17. Theophylact said,

    January 3, 2018 @ 11:32 am

    I've lost my copy of Morris Bishop's A Bowl of Bishop, but I recall a poem with an almost inconceivable level of nested parentheses.

  18. DaveK said,

    January 3, 2018 @ 12:26 pm

    @Robert Coren:
    As best I can make out, the subject of the "and likely might" clause is "each of these dispositions" in the preceding clause.
    I suppose Milton's target audience, being fluent in literary. Latin and used to the punctuation style might have been able to get through the passage fairly easily. E

  19. John Roth said,

    January 3, 2018 @ 12:37 pm


    Real humans have trouble processing more than two levels of embedding. One of the tricks we were taught in NLP class (that's Neuro-Linguistic Programming, not Natural Language Processing) was to do several layers and then skip one on the way back up. The result was usually rampant confusion that could be exploited with decent planning.

    This is why center embedding in a sentence tends to confuse people, and why systems of syntax that are built on indefinite recursion simply don't work – they have no rules about when too much recursion leads to sentences that can't be understood by ordinary mortals.

  20. KeithB said,

    January 3, 2018 @ 12:57 pm

    It also happens in the bible when author quotes the prophet who quotes God who quotes the Israelites who quote…

  21. Emily said,

    January 3, 2018 @ 1:17 pm

    Relevant xkcd:

    Relevant SpecGram article:

  22. peter said,

    January 3, 2018 @ 1:25 pm

    Novelist Francis Spufford on writing explanatory text in a novel:

    “Most novels, I felt as I was writing, were not so foreign to the modes of human interchange they portrayed that they had to explain the basic definitions of things as they went along. It was as if I had to dip my steel-nibbed pen into the inkwell and say,

    ‘It is a truth universally acknowledged that a single man in possession of a fortune must be in want of a wife; a wife being the female partner in a pair-bonded relationship for life, sanctioned by religion and integrated into systems of inheritance, child-rearing and regulated sexuality; a fortune being a quantity of money at a high multiple of the society’s average income, usually but not invariably available as a liquid resource; money being…’

  23. Bloix said,

    January 3, 2018 @ 2:37 pm

    Here's a sentence from today's Guardian on the state of men's tennis:

    Murray, who pulled out of the Brisbane International on Tuesday (after the pre-tournament withdrawal of Rafael Nadal – who is still recovering from the knee injury that forced him out of the ATP World Tour Finals in November – and Nishikori), heads the casualty list.

    [(myl) Obviously written by a computer scientist.]

  24. ardj said,

    January 4, 2018 @ 8:19 am

    @Pflaumbaum, @ Jerry Friedman, @Robert Coren, @ DaveK

    Jerry Friedman is clearly right about “each of these dispositions” being the subject, and necessarily “me” the object – if I can use such old-fashioned syntactical terms in such elevated company (that is to say, that of expert linguisticians, doubtless far better able to parse a “phrase”, as we say in French, though perhaps “clause” would be better here, than me – or than I am, if you prefer), of the verb “may have affected”.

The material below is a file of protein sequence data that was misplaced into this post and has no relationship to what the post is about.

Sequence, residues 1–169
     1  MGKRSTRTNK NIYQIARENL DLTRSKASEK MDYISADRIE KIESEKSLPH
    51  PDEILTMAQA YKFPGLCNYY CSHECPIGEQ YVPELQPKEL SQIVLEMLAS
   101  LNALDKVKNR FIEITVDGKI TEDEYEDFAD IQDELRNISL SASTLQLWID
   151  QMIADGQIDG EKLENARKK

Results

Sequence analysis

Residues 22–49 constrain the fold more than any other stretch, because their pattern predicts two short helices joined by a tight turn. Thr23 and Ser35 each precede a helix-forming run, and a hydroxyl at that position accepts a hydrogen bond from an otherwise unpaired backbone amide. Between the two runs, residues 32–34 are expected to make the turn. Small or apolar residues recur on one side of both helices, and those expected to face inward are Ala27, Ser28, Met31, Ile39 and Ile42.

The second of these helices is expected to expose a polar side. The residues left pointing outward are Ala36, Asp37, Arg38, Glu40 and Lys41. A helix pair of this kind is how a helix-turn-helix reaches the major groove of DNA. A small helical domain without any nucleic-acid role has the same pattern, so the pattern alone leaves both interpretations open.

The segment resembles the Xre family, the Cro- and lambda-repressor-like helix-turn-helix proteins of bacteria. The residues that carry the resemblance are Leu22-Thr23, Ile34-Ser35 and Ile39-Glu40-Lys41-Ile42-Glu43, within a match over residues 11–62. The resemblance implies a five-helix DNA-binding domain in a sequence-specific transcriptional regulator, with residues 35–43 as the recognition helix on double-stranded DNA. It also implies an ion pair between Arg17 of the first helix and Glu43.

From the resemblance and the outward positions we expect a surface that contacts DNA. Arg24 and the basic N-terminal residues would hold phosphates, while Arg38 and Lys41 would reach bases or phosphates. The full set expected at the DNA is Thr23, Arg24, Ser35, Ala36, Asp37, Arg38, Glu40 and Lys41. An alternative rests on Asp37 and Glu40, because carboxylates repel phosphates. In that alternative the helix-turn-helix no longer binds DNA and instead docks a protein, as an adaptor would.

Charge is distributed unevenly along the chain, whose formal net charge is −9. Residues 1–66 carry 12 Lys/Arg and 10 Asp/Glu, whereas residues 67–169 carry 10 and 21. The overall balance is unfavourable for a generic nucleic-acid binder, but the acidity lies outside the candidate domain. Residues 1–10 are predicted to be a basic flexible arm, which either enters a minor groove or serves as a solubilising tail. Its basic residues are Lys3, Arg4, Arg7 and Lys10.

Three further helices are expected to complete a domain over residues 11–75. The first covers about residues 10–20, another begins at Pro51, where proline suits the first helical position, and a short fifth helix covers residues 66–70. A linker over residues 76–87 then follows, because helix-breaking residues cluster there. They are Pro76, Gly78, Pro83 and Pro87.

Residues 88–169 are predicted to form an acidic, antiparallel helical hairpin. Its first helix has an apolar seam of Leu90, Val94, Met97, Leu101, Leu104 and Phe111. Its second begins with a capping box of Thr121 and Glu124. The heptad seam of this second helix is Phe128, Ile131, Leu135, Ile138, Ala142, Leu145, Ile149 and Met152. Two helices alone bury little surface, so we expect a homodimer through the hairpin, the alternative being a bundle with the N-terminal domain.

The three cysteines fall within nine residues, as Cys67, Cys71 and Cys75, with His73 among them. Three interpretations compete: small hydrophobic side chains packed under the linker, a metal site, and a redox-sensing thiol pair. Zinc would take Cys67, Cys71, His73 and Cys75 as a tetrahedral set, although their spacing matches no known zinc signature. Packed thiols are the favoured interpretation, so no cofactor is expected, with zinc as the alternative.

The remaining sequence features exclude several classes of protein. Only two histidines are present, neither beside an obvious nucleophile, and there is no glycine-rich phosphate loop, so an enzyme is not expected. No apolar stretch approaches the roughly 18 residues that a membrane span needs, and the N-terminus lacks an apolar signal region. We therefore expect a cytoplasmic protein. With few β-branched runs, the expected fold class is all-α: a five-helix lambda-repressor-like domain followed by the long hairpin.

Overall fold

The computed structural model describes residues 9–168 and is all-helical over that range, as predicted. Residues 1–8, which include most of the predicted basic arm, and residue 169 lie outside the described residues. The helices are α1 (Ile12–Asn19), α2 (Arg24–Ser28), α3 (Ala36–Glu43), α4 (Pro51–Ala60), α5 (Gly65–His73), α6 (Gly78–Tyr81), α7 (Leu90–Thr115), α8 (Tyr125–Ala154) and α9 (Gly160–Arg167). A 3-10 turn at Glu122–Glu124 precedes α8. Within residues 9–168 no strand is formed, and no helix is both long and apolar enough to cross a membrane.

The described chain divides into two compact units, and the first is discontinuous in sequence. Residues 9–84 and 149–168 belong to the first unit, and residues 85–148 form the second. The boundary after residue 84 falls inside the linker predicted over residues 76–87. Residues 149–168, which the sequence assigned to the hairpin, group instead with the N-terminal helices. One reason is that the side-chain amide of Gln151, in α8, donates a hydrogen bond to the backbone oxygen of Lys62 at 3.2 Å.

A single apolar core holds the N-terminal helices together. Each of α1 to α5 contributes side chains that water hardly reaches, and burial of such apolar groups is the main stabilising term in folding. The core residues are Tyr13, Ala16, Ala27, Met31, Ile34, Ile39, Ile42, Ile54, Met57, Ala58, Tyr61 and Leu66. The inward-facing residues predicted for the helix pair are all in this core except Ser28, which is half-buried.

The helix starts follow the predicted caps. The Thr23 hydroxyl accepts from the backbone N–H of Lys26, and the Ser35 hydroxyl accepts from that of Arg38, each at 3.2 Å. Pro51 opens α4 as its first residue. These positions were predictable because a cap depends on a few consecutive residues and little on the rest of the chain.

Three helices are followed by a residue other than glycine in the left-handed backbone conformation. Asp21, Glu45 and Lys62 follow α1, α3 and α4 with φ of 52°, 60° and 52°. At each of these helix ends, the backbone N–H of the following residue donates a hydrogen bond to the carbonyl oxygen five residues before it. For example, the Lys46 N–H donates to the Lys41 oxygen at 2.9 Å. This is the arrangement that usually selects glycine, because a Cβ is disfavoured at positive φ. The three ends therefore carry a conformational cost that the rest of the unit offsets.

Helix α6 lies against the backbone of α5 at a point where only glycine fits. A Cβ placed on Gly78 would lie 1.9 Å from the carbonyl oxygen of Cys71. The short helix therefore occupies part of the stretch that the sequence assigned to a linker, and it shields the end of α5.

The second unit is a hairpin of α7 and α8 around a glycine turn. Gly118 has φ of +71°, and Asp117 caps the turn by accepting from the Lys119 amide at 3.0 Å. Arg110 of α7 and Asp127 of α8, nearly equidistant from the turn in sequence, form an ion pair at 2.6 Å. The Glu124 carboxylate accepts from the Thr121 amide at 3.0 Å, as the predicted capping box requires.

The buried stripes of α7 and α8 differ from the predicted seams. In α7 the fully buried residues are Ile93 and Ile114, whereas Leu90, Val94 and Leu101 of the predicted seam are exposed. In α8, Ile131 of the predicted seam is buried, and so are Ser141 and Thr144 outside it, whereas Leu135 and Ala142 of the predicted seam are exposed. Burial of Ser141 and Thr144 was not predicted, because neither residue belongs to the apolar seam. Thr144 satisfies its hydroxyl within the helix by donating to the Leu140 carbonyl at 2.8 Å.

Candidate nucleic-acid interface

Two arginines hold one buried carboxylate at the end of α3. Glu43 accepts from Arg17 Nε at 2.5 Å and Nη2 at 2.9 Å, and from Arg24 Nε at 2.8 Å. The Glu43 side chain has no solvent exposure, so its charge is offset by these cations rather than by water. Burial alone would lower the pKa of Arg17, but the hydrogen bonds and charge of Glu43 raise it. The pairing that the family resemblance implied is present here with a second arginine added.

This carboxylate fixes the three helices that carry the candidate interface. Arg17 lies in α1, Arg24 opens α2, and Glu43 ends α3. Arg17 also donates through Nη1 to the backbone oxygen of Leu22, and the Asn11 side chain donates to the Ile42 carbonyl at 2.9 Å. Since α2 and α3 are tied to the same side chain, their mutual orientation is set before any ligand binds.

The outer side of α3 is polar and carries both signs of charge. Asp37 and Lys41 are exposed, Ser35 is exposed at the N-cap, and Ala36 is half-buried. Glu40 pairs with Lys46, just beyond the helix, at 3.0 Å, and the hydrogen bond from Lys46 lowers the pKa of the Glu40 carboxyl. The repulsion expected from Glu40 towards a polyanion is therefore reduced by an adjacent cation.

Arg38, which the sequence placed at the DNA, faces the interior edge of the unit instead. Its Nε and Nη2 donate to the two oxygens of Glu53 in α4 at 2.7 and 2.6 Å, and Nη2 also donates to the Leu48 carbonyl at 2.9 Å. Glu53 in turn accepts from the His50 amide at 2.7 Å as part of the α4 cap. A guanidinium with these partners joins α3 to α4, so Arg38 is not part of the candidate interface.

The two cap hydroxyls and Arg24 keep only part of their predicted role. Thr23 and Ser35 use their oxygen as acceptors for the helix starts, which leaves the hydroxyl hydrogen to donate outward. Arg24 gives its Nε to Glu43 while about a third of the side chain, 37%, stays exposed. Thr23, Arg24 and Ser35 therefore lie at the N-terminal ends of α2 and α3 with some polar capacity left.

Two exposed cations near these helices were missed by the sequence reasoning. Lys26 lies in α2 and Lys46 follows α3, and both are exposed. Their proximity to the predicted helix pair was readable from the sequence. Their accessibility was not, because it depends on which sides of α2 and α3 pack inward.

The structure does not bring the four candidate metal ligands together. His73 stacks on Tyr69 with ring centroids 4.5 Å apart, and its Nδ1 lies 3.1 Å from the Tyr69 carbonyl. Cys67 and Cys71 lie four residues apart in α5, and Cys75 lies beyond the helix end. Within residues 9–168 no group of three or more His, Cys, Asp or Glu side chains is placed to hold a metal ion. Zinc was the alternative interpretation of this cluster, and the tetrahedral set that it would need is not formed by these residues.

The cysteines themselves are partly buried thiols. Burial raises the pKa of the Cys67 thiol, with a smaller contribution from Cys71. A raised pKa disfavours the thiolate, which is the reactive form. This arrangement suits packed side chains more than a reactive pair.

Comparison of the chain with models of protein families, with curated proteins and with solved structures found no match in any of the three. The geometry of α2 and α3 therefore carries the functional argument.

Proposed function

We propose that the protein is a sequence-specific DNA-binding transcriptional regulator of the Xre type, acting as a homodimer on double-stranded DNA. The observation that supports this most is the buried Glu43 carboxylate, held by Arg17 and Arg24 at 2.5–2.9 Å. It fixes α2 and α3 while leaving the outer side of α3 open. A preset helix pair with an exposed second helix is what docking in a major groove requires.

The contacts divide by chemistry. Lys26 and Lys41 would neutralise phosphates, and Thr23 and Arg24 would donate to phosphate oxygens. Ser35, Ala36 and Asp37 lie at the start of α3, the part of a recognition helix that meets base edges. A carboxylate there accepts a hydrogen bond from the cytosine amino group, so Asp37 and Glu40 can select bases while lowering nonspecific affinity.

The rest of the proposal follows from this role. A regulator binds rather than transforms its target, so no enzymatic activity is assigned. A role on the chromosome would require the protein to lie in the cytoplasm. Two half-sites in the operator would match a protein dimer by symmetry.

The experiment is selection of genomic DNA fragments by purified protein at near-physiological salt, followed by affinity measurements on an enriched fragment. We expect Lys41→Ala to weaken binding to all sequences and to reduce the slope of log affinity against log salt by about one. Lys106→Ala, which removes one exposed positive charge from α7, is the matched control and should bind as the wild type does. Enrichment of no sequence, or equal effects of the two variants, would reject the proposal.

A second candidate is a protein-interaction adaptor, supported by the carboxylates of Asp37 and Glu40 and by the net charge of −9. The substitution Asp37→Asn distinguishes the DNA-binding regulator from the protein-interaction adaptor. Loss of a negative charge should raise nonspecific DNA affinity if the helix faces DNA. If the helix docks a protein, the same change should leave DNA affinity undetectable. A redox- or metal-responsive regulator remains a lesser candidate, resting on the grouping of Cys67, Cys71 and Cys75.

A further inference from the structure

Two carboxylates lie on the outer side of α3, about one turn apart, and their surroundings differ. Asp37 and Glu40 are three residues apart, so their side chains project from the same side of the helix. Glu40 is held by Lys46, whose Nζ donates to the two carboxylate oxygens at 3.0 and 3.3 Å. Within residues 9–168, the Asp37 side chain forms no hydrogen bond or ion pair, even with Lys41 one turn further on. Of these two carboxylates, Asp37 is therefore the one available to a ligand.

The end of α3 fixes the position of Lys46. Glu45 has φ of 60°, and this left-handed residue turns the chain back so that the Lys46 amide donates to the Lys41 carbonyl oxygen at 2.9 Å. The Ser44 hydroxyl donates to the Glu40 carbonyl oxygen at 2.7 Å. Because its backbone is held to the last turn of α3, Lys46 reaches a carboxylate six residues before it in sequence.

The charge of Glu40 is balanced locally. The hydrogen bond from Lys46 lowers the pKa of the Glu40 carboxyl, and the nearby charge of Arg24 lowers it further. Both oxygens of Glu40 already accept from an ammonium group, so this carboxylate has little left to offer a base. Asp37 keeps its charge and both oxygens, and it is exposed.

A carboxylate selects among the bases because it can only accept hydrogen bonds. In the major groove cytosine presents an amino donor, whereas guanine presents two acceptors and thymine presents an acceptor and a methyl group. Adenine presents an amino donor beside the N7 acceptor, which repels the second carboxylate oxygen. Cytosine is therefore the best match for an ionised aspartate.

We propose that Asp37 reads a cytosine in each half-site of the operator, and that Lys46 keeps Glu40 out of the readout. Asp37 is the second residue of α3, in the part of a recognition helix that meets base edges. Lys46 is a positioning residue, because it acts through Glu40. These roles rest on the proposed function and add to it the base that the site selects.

“likely might … disclose” is more troubling. I think Robert Coren is on the right lines. I think Milton merely switches from treating ‘me’ as an object in the preceding main clause to using it as the subject here, equivalent to “I”: rather than the alternative that each of the dispositions might disclose, though that is also possible. I suppose the suggestion of an understood “I” is also possible, however.

    And thanks to Jerry Friedman for noticing a possible exclamation mark after High Court … – that may make a little more sense, but I am still puzzled. I take the general sense to be, “[able to] direct their speech in or to the … Parliament”, by contrast with those ”wanting such access in a private condition”. But Milton does sometimes depart even from the “regular” syntax of his day (e.g. above, and the sentence beginning, “Nevertheless there being three principal things” later in his first paragraph – a use of apposition now common in French and also to be found in the language of a present president.) Maybe Milton (that is to say, the Milton who wrote these words, always supposing it were he) meant something like: “They who direct their speech to Governours, they shall be found in the High Court of Parlament”, or “They who … Governours, they are the High Court …”

    I am also a little puzzled by “States”, but that is not, I think, a syntactic issue, unless it affects the interpretation of the High Court (I assume States here is sense 16 in the OED 2nd ed.: A high rank or exalted position, an office of power, or the parallel 24, A person of standing, importance or high rank … which cites Paradise Lost as an instance, or 26, The rulers, nobles or great men of a realm, the government, ruling body … – and thus a parallel to Governours). But this may be wrong.

  25. Bloix said,

    January 4, 2018 @ 2:01 pm

    And this is a real sentence from a real novel — Taking Chances by Molly Keane, written about 90 years ago. They're all over the place once you start to look for them:

    The third baronet and his sister, who stood together before their door in the first chill of an October evening, waiting, Roguey eagerly, Maeve with a different depth of urgency, for the sound of a car coming up the long avenue, in looks at least did credit o their breeding.

  26. BZ said,

    January 8, 2018 @ 12:59 pm

    I have a CS background and certainly don't talk like that. Nor do I understand multiple parentheticals in speech or writing any better than most. I will allow that I may include more parentheticals in writing, but that is not a certainty.

RSS feed for comments on this post